The Christian sect, apparently, encouraged its members not to obey the rulers of Rome and the rulers took notice of its subversive activities. But no matter what they did to correct the misguided teachings of the new religion the religion spread like wild fire.

It should be noted that there was actually no proven record that the early Christians were persecuted by the Roman authorities. Rome had a history of tolerating the many religions of the peoples it brought into its empire. Rome was a veritable cornucopia of religions. However, as is the case with all states the rulers try to extirpate any teaching that asks the subjects not to obey the rulers. Thus, a few Christians were conceivably rounded up and jailed. There is, however, no records that Peter was hung upside down in Rome nor was there any evidence that he even went to Rome. The whole Christian saga is mostly mythology.

By 315 AD the eastern Roman emperor, Constantine, had converted to Christianity. (The failing Roman Empire had been divided into two sections, one headquartered at Rome, the other at Constantinople, today's Istanbul; with each half having its own emperor.) Naturally, he was disgusted by the hundreds of books claiming to represent the teachings of the chap from Nazareth. He called the Bishops of the major cities in his empire to a meeting (council of Nicaea) and asked them to come up with a unified document delineating the accepted teachings of the Christian Church. This great council met in 325 AD.

After many years of trial and error the Christian fathers finally put together what is now called the New Testament (and to give it continuity with its Jewish past added it to the Jewish Torah, hereafter called the Old Testament). Thus came into being what is now called the Christian Bible.

Many books were examined before the current sixty six books of the bible were selected for inclusion in the bible. Many of the rejected books (apocrypha) were rejected for no better reason than that their proponents offended some bishop attending the great meeting! That is to say that the books of the bible are not the inspired words of God they are represented as but the selection of capricious men of power.

Emperor Constantine was given the book he desired and it acted as a sort of constitution with which he unified his sprawling empire. He commanded that all persons in his empire become Christian and obey what is written in the constitution of the new Christian world, the bible.

Naturally, there were those who did not see eye to eye with the books selected into the new constitution and rebelled. The Church showed its true colors and began persecuting them, literally killing them. The early Church burned more Christians than the Romans were said to have crucified Christians, yet all we hear are how Christians were persecuted but seldom how they murdered those who did not agree with their new perception of things.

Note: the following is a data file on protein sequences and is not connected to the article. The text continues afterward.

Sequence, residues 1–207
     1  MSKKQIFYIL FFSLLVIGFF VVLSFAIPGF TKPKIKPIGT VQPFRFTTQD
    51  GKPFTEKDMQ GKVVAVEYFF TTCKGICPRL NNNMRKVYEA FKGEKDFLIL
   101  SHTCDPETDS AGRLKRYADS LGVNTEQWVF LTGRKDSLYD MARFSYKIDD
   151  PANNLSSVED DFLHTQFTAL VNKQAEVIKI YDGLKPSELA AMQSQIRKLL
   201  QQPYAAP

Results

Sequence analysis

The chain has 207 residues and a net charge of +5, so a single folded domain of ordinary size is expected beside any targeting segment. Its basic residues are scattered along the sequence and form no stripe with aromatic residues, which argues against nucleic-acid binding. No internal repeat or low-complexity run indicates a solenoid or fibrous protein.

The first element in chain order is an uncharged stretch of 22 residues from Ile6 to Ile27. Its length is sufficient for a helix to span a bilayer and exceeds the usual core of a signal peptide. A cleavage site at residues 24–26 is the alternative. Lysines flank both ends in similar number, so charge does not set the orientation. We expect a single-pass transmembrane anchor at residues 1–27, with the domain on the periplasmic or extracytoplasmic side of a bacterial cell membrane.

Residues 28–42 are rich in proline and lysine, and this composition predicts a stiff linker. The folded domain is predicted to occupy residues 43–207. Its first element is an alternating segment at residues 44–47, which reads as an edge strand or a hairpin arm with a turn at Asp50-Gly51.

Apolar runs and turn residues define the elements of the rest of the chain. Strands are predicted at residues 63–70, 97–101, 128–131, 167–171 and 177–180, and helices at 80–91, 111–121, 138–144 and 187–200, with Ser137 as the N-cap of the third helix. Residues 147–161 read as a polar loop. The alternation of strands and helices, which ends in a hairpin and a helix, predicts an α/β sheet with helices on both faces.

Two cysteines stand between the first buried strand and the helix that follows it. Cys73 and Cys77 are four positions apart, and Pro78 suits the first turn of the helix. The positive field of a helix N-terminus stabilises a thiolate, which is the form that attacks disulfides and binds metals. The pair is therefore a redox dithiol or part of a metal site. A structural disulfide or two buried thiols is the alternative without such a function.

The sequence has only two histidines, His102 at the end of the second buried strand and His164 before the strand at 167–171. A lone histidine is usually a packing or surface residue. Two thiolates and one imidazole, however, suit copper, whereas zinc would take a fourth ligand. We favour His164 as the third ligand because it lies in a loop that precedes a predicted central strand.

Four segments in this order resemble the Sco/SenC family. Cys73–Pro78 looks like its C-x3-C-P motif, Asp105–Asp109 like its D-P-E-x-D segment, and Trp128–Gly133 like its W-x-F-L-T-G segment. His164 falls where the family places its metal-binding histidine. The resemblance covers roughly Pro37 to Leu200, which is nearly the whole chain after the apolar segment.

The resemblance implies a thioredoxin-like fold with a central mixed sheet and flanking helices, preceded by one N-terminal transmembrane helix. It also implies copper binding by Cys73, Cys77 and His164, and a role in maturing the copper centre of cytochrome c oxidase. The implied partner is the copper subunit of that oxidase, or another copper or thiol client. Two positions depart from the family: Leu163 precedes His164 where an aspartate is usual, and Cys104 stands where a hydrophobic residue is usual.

The triumph of the Christian church was achieved through holy terror; Europeans were literally terrorized into accepting the teaching of the bible. Disagreement with even a word of the holy writ sent one hanging above the glows of the ambers.

The Roman Empire eventually fell (around 450 AD). But before it did Christianity had taken root in its four corners and holy superstition took root all over Europe, North Africa and the Middle East, the so-called Christendom.

The corpus of this new religion is belief, one was not allowed to question any thing and reason things out for ones self.

Thus, the glory that was Greece and Roman was run out of town. But not quite so fast! The educated Romans were after all educated in Greek philosophy, mainly Plato and Aristotle and some of them tried to make sense of the new religion of their world with the instruments of their learning.


In Hippo, what is now part of Algeria, a sex obsessed youth from the upper classes called Augustine dabbled in religions. First, he explored the Iranian religion of Manichaeism (an amalgam of Christianity and Persian views). Then he gravitated to the Neo-Platonic teachings of Plotinus.

None of these religions seemed to help him get control of his run away addiction to sex. In his book, Confession, he delineated his struggle to get a handle on his sexuality. Unable to discipline himself he threw himself into the emerging Roman Catholic Church and embraced its teaching that one should simply believe in the unknown without questioning it. Submission to the will of God, apparently, does wonders for folk; it gives them surcease from their conflicted minds.

Augustine found some measure of inner peace and penned the first book on Christian theology, the City of God (theology is any attempt to use philosophical categories to explicate the existence of God and justify the belief in God).

To do his writing Augustine harkened back to his training in Plato and Neo- Platonism. Thus, his theology is infused with Plato and Plotinus. As it were, he used Plato's philosophy to justify the Christian belief system.